Blood flow can also increase with steam room sessions, even if the temperatures are typically lower. A 2012 study4 found that a combination of massage and moist heat improved  blood flow and circulation in the skin of older adults. 

This study is especially important because healthy circulation can allow your bloodstream to deliver healing nutrients to promote tissue healing. Plus, poor circulation is often associated with delayed wound healing in seniors. 

It’s also worth noting that anecdotally many folks and beauty brands claim steam is good for skin health (and not just in a more blood flow kind of way) because it opens pores and can potentially help reduce acne. 
RELATED: Does Protein Powder Cause Acne?

May Help Clear Congestion

Have you ever felt more clear through your nasal passages after a hot, steamy shower? While you’re probably not alone in feeling temporary relief from steam opening the mucous membranes, more research is needed around hot, humid air as a means of helping relieve the common cold, sinusitis, or allergies. 

That said, one study5 found that nasal irrigation was the most effective method for recurring sinus symptoms. The same study found that steam inhalation reduced headaches from sinus pressure. Additionally, steam helped promote better breathing with loosened mucous membranes.

May Help Workout Recovery 

What a luxury it is to go right from a workout to sauna bathing with the hopes of preventing sore muscles. Perhaps you’ve done this at a commercial gym or even have one of the best home saunas installed in your home gym.

Whether you use dry or moist heat, either method can help improve your recovery time. One study published by the Journal of Clinical Medicine Research6 found that both dry and moist heat are effective at combating delayed onset muscle soreness (DOMS) from exercise.

coop squatting giant open hex trap bar

RELATED: Benefits of Sauna After Workouts 

The study notes that moist heat penetrates deep tissue faster than dry heat, which means less exposure time to get results. In fact, the study had participants apply either dry heat for 8 hours or moist heat for 2 hours. Both methods helped reduce soreness and preserve muscle strength and activity. 

Steam Room Benefits: Final Thoughts 

While steam rooms don’t have as much research around overall well-being and improved health, if you enjoy the steam room and it works for you, why not use it? 

That said, because of the potential water damage and mold issues that could arise from installing a steam room in your home, we feel safer suggesting dry heat for your at-home sauna use. 

Steam Room Benefits: FAQs

Below we answer some of the most commonly asked questions on steam room benefits:

Is a steam room good for you?

There are several benefits to using a steam room, including potential cardiovascular function, improved blood flow, and reduced muscle soreness after workouts. 

What is better: a sauna or steam room?

While neither a sauna nor a steam room is inherently better or worse, there is more research on dry heat and traditional Finnish saunas than there is on steam rooms.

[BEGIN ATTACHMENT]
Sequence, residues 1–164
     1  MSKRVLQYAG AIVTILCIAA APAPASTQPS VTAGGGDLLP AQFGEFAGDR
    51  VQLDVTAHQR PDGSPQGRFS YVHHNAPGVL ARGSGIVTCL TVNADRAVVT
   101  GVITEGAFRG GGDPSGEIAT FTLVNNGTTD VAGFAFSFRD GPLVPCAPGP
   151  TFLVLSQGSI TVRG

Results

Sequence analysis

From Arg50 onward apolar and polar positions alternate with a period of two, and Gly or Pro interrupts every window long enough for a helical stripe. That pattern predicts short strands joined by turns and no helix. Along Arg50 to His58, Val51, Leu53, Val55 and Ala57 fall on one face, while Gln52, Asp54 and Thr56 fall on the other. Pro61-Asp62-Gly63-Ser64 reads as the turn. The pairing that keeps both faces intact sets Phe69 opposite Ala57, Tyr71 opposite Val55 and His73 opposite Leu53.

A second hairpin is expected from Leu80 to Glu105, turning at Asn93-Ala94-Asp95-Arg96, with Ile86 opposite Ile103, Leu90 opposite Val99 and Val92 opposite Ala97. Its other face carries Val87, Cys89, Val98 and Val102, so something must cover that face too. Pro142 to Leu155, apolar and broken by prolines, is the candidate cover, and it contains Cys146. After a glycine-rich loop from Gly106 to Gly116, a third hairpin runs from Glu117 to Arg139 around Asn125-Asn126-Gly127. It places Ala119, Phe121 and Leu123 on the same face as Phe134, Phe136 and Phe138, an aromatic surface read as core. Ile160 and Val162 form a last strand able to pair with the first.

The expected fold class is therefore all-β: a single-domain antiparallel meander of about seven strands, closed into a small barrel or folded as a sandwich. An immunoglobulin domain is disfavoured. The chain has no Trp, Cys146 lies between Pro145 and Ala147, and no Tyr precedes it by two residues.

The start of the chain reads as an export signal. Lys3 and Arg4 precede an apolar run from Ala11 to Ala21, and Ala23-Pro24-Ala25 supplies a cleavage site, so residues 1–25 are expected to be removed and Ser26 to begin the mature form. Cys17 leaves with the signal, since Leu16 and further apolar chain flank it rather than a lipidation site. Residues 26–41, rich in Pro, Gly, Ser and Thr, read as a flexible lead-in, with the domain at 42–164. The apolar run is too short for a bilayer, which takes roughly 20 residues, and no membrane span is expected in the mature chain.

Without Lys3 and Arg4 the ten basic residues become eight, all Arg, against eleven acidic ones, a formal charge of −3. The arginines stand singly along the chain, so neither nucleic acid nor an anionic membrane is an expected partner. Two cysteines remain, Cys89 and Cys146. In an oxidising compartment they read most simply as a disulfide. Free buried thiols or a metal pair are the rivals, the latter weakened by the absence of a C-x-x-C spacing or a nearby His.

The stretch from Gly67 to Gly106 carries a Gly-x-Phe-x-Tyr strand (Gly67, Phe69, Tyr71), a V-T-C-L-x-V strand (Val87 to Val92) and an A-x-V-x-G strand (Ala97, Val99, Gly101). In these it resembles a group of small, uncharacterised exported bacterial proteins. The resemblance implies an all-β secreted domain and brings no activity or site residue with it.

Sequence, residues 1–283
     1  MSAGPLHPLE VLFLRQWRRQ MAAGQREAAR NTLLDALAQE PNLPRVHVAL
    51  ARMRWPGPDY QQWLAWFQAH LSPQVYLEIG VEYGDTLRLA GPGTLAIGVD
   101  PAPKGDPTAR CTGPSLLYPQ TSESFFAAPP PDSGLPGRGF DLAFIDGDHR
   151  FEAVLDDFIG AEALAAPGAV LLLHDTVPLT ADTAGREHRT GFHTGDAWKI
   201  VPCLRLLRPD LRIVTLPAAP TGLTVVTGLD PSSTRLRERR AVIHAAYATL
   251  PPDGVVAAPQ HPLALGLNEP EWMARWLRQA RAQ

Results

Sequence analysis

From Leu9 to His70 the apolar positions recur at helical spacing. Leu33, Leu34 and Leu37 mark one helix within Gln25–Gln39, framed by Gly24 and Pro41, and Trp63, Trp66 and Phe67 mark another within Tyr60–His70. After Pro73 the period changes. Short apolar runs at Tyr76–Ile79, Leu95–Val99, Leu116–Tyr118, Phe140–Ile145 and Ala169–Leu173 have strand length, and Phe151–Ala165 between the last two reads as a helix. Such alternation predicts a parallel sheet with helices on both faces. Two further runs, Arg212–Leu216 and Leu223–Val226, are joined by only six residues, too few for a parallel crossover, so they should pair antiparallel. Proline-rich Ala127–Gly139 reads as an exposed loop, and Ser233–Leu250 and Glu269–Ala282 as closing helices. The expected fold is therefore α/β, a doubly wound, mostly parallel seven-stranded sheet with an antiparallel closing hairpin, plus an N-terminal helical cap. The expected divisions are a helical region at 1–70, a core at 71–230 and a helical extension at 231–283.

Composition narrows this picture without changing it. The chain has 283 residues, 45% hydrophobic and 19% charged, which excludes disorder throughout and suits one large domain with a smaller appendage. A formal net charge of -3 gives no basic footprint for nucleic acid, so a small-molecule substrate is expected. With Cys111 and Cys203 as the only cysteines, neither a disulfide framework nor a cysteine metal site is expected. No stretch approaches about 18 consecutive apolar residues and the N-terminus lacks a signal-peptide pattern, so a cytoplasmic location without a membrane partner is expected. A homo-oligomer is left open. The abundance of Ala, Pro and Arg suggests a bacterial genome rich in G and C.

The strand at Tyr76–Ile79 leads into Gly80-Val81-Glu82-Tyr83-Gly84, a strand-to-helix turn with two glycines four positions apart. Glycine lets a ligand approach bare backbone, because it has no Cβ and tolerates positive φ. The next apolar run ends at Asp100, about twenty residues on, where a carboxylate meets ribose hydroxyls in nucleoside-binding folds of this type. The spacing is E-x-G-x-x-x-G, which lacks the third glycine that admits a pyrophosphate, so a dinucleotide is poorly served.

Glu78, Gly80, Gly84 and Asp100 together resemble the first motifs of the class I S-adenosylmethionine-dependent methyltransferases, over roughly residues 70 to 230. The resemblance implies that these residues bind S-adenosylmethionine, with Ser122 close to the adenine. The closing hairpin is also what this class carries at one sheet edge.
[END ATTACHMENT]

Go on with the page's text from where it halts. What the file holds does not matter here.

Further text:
Does the steam room burn fat?

While a steam room can be beneficial for increasing your heart rate and burning calories (much like exercise), when it comes to weight loss and fat burning, ultimately, that comes down to your nutrition and being in a caloric deficit. 

RELATED: How Much Protein Should I Eat to Lose Weight?

Is a steam room good for the immune system?

It’s possible that the increase in heart rate and blood flow can help improve your immune system, but there is limited research to support moist heat therapies. 

These statements have not been evaluated by the Food and Drug Administration. This product is not intended to diagnose, treat, cure, or prevent any diseases.

References

  1. Ripa R, George T, Sattar Y. Physiology, Cardiac Muscle. [Updated 2022 Jun 2]. In: StatPearls [Internet]. Treasure Island (FL): StatPearls Publishing; 2022 Jan-. 
  2. M. Pandiaraja, A. Vanitha, K. Maheshkumar, V. Venugopal, S. Poonguzhali, L. Radhika, N. Manavalan. Effect of the steam bath on resting cardiovascular parameters in healthy volunteers. Advances in Integrative Medicine. Volume 8, Issue 3. 2021. 
  3. Laukkanen T, Khan H, Zaccardi F, Laukkanen JA. Association Between Sauna Bathing and Fatal Cardiovascular and All-Cause Mortality Events. JAMA Intern Med. 2015;175(4):542–548. doi:10.1001/jamainternmed.2014.8187
  4. Jari A. Laukkanen, MD, PhD; Tanjaniina Laukkanen, MSc; and Setor K. Kunutsor, MD, PhD. Cardiovascular and Other Health Benefits of Sauna Bathing: A Review of the Evidence. Mayo Clinic Proceedings. August 2018.
  5. Lohman EB 3rd, Sackiriyas KS, Bains GS, et al. A comparison of whole body vibration and moist heat on lower extremity skin temperature and skin blood flow in healthy older individuals. Med Sci Monit. 2012;18(7):CR415-CR424. doi:10.12659/msm.883209
  6. Petrofsky J, Berk L, Bains G, et al. Moist heat or dry heat for delayed onset muscle soreness. J Clin Med Res. 2013;5(6):416-425. doi:10.4021/jocmr1521w